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Teen Drug Use Is Number One Health Problem in US, Study Says

Doug Menuez/Photodisc/Thinkstock(NEW YORK) -- Ninety percent of drug addictions begin in high school, according to a new study released Wednesday.

Researchers from the National Center on Addiction and Substance Abuse, or CASA, found that nine out of 10 American addicts started smoking, drinking or using drugs before the age of 18 and one in four of those people become addicted to some sort of drug.

"We now have enough science to show that adolescent substance use is America's number one public health problem," said Susan Foster, senior investigator of the study. "By recognizing this as a health problem and responding to it, we can actually make the difference by improving the life prospects of teens and saving costs in society."

Adolescence is a critical period of brain development and experts say the teen years put people at increased danger of addiction because their brains are more sensitive to substances and they're more likely to experiment and take risks.

"The brain is still developing up until age 25, so when you put nicotine and psychoactive substances in the body, it's actually messing with the brain as it's developing," said Dr. Stanton Glantz, director of the University of California at San Francisco Center for Tobacco and Research and Education.  "Nicotine tends to be the gateway drug when kids start smoking younger.  They're more likely to become addicted and smoke for a longer period of time."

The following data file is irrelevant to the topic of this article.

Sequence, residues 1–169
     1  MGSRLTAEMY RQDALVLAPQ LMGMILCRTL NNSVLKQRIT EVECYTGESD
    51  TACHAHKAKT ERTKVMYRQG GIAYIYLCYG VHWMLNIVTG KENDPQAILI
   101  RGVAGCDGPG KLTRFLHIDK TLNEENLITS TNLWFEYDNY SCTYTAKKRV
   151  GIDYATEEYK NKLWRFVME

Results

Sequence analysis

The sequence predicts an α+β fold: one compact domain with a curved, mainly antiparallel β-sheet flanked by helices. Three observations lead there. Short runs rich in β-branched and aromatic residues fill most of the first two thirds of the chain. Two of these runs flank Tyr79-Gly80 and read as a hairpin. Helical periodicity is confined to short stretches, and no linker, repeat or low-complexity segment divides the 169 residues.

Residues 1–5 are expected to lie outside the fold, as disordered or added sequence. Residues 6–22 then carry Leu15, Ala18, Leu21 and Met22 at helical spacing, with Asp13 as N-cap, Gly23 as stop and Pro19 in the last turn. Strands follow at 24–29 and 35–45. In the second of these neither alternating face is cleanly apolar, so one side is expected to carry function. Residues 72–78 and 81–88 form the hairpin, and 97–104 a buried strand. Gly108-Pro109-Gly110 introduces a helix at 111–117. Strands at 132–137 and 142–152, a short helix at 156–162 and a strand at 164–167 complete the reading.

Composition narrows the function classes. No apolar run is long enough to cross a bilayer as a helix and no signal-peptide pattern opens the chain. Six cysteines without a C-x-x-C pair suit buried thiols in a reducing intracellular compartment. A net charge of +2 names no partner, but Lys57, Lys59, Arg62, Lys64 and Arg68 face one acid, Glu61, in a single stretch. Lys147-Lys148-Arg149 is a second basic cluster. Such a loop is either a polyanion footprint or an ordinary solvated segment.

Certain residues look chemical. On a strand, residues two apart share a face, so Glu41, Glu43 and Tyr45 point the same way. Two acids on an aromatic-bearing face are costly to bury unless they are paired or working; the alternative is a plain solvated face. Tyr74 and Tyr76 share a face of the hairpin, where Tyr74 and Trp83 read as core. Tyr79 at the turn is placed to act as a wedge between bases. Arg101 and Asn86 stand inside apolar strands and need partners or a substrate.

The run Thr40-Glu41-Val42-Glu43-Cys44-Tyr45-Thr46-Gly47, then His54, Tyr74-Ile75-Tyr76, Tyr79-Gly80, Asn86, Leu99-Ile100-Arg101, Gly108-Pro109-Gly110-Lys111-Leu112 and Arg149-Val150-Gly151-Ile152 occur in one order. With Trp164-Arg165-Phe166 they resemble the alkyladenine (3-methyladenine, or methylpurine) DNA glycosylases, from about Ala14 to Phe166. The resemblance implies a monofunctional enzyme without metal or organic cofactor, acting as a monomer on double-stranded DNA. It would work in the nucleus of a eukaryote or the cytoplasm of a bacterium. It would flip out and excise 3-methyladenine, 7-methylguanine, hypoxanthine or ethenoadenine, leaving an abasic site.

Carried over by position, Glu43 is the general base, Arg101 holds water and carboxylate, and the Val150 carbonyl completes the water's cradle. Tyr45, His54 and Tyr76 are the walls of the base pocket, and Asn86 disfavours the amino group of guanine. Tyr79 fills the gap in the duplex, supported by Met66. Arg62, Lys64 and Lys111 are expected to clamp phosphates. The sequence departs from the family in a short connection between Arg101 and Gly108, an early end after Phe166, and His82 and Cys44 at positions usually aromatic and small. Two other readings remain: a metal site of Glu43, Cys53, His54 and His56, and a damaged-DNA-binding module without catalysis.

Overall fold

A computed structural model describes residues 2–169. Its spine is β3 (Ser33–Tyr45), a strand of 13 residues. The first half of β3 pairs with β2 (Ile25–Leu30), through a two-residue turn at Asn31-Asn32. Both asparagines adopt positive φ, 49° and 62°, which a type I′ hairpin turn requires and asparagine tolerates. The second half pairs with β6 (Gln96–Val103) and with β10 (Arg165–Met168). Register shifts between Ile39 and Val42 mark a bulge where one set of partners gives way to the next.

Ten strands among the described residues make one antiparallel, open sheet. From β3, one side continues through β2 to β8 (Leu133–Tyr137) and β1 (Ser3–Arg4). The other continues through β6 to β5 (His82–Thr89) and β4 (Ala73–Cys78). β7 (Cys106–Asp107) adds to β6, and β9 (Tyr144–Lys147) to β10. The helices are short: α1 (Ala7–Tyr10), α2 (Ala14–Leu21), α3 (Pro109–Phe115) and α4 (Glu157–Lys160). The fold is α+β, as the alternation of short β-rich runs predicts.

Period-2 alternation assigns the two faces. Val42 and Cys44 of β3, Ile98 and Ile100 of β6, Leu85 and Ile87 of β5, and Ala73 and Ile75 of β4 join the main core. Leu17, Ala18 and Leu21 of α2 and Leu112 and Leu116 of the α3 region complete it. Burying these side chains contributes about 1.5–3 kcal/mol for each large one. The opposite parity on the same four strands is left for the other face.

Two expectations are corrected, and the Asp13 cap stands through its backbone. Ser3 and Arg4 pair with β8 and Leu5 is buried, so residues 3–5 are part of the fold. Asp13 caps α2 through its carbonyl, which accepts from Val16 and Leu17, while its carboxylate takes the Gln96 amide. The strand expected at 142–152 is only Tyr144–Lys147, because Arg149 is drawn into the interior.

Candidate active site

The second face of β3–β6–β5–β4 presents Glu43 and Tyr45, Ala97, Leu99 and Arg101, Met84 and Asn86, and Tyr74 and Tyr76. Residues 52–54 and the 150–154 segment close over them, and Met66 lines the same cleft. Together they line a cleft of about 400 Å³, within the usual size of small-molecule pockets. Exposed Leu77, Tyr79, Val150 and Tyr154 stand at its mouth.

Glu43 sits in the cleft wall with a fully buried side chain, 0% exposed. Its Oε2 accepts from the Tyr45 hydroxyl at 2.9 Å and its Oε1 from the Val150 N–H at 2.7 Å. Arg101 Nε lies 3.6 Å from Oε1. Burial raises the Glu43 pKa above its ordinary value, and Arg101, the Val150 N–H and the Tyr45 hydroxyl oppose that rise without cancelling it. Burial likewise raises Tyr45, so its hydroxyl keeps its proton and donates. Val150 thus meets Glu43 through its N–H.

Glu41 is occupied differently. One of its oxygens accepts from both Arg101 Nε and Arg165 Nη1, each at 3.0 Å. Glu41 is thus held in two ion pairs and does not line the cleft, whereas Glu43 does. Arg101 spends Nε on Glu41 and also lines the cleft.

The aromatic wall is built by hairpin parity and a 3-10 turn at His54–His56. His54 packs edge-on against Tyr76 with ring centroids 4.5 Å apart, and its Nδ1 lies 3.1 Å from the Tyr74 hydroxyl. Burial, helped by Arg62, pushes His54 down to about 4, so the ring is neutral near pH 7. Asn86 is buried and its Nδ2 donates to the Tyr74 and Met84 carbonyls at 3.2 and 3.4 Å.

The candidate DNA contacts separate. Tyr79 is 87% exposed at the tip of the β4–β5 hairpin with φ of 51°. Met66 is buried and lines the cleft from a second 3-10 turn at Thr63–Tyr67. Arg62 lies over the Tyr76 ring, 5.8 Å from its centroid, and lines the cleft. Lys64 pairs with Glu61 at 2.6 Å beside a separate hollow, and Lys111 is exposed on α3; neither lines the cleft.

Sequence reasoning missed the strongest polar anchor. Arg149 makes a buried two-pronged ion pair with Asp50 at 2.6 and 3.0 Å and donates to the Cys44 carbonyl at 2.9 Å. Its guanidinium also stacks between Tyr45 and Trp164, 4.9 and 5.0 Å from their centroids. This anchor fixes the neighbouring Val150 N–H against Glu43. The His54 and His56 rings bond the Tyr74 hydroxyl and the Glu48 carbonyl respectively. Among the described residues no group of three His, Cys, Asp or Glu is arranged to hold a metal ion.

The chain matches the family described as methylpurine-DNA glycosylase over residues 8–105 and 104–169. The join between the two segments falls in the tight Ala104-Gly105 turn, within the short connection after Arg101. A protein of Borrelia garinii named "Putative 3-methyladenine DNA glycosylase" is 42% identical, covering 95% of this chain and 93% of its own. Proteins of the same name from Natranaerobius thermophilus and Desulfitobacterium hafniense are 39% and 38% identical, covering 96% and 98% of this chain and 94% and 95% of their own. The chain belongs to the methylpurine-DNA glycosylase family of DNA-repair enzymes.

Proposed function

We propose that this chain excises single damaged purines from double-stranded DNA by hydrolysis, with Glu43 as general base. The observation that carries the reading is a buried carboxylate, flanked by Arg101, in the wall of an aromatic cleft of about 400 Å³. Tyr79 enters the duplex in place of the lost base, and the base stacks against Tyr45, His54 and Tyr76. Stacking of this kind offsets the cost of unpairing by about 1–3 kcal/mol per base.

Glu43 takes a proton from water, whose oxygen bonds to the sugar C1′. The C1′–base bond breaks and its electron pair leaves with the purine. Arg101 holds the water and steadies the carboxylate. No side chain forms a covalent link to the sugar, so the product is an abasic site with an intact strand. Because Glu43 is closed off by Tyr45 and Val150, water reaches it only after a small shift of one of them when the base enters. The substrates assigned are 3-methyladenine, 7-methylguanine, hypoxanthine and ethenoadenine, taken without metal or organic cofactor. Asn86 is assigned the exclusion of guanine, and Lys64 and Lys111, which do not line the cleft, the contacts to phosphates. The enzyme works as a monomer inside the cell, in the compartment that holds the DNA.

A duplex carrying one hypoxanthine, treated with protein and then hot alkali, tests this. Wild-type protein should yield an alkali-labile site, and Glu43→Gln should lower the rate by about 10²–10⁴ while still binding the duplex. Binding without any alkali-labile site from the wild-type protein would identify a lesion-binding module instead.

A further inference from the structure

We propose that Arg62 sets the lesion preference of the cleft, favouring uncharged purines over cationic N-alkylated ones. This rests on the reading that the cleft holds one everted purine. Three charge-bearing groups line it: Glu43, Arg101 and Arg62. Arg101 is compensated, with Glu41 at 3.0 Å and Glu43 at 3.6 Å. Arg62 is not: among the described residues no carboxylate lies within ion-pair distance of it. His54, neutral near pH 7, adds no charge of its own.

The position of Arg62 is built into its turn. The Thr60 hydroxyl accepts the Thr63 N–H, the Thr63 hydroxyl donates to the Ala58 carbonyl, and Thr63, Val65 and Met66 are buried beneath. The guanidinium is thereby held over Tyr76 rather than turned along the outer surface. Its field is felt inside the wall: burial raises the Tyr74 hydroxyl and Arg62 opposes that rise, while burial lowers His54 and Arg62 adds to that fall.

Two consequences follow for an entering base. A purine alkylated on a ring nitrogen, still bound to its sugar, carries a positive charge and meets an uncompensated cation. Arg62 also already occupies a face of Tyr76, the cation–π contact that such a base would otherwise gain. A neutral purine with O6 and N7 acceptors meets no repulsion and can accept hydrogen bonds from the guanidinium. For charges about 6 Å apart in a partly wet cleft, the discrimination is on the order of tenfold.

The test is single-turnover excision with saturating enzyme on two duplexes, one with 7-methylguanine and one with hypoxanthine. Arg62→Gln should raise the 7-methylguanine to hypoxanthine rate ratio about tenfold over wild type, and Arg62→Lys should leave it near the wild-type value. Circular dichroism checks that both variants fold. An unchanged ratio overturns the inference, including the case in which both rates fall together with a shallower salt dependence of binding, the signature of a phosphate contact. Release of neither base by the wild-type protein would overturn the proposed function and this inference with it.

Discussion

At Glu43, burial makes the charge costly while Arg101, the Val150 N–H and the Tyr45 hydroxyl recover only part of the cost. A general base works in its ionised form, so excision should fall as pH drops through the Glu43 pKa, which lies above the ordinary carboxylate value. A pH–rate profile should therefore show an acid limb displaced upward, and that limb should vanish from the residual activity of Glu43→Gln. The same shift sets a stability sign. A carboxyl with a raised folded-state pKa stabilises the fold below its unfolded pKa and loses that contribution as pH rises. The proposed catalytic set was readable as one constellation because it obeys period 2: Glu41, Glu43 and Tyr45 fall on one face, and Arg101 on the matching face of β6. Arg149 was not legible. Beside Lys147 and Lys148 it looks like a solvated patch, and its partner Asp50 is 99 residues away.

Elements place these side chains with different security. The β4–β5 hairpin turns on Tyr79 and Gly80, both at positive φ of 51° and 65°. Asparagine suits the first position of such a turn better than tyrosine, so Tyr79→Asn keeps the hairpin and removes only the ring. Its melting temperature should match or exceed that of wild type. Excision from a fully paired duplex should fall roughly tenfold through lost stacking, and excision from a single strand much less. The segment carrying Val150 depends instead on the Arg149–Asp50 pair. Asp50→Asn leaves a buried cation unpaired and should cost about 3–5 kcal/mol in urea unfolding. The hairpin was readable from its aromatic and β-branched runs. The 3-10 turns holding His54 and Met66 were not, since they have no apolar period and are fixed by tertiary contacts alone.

Glantz continued to say that smoking creates permanent changes in the brain.  When a person quits, some of those changes reverse, but never completely.  Researchers also know that tobacco, alcohol and other drugs act similarly in the brain, so that the use of one substance heightens the risk of dependence on others.

"Addiction is the most costly health problem in America today, and it drives 70 other diseases that require hospitalization," said Foster.  "It drives a host of very costly health and social problems that are largely preventable. We can do something about it."

Foster said preventing teen for substance use begins with screening young people for their mental health and family addiction history.

Society also needs to move away from a culture that glorifies and promotes substance use as a way to relax or have fun and improve accessibility of available treatment, she said.

Copyright 2011 ABC News Radio

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